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Boao Forum: Chinese convention rivals Davos

When people hear ‘economic forum’ the first thing they probably think about is Davos and snowy Alps. But that is set to change as China’s Boao hosts the largest and most representative economic summit in Asia.

The rapid rise of the so-called ‘Asian tigers’ has shifted the focus eastwards, when it comes to world economic development. Initiated by China in 2001, the Boao Forum focuses not only on Asian economic issues, but also address global political and economic problems.

The 12th Boao Forum in 2013 has already proven to be a truly global, not just Asian event, once again bringing the world's attention to the emerging nations' ever growing economic clout.

Heads of state, business leaders and Nobel Prize winners, altogether 1,477 representatives from 43 countries and regions have all gathered in China to discuss pressing global issues.

“This is the largest [economic] forum in Asia,” Ksenia Yudaeva, Russia's representative for G20 summit preparations, told RT. “Here you can see that Asia is the new center of world’s economic growth.”

This year the forum is attracting some big names, like Microsoft's Bill Gates, investor George Soros and head of the IMF Christine Lagarde.

“The vision of that forum is really comparable to Davos in representation of speakers of Europe, the US and Asian countries. I would call it an Asian Davos,” said Yudaeva, who also occupies position of chief of the Presidential Experts' Directorate in Russia.

While Europe and the US are battling economic recession, China’s trade volume is growing steadily. For many countries China has already become the number one trade partner, a place previously occupied by the US. So there is little wonder that world leaders and business gurus from countries affected by the crisis are flocking to China’s tropical Hainan Island for some advice and, hopefully, remedy.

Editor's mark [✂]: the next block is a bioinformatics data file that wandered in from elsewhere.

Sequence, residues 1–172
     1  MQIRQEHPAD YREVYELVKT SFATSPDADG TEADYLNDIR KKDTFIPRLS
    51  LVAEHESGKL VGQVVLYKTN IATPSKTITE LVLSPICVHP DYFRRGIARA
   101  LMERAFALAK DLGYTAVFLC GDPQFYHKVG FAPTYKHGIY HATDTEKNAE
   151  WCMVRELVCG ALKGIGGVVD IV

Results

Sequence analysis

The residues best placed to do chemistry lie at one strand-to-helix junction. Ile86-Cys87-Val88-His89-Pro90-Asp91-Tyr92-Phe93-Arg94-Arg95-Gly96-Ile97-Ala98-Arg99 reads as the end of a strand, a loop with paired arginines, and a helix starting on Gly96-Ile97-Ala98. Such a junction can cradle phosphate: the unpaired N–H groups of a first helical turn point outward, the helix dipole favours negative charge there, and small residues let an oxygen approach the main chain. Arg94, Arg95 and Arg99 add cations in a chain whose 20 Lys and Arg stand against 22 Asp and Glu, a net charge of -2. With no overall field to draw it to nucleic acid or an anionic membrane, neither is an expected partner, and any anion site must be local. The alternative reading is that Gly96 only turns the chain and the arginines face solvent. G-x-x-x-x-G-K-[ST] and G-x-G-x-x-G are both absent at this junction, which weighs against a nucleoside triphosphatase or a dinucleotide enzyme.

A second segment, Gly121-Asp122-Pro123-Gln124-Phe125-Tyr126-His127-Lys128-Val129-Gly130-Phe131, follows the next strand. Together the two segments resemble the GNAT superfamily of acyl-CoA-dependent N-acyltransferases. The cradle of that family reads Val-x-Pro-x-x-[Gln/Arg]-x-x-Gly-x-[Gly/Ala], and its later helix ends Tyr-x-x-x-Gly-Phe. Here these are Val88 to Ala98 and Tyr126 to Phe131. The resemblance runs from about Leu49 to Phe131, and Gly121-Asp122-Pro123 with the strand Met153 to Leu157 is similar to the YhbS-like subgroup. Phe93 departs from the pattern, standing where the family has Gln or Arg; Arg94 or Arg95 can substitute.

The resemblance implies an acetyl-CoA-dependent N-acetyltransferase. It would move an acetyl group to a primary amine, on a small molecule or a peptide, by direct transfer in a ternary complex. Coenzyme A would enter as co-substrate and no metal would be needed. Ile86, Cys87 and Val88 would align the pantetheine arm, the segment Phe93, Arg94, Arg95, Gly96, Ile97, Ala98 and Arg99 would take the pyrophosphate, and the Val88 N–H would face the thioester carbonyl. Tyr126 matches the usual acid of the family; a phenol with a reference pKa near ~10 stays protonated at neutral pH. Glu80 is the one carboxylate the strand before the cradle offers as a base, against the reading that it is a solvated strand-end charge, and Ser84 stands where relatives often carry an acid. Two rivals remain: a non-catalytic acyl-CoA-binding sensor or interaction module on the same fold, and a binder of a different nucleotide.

Unlike a BRICS summit, which is “largely a government to government thing,” the Boao Forum serves different purposes, because it “deepens contact between the civil society, business and academics” professor of political studies at the University of Manitoba, Rhadika Desai, told RT.

“One really important thing about this is that they are going to move away from hub-and-spoke relationship that the developing countries once had with the Western world and the advanced industrial countries – and began to create more contacts, investment and trade amongst themselves,” said Desai, who has written extensively on the rise of emerging economies.

The global economic crisis made the Eastern countries realize that “the best way to deal with crisis is to widen your domestic market… to engage it a lot more and make it the driver of growth. This is very important for laying the foundation for sustainable long-term autonomous [economic] growth,” she stressed.

“The old export-led [economic] growth model, which was being followed and prescribed in the pre-crisis era, is basically defunct. It could work as long as the US was able and willing to observe the goods of the Western world, but as we know, it observed it at the cost of giving excessive crediting to the rest of the world,” Desai concluded.

The BRICS countries have recently signed an agreement to trade in their own national currencies, not the US dollar. That move is expected to eventually ditch the American currency. Rumors about China’s yuan becoming one of the world’s reserve currencies have been discussed for quite some time already.

Washington has for years been accusing Beijing of manipulating the exchange rate of Chinese national currency to gain some trade advantages. But China rejects all allegations, demonstrating resilience in diplomacy and independence in economic decision-making.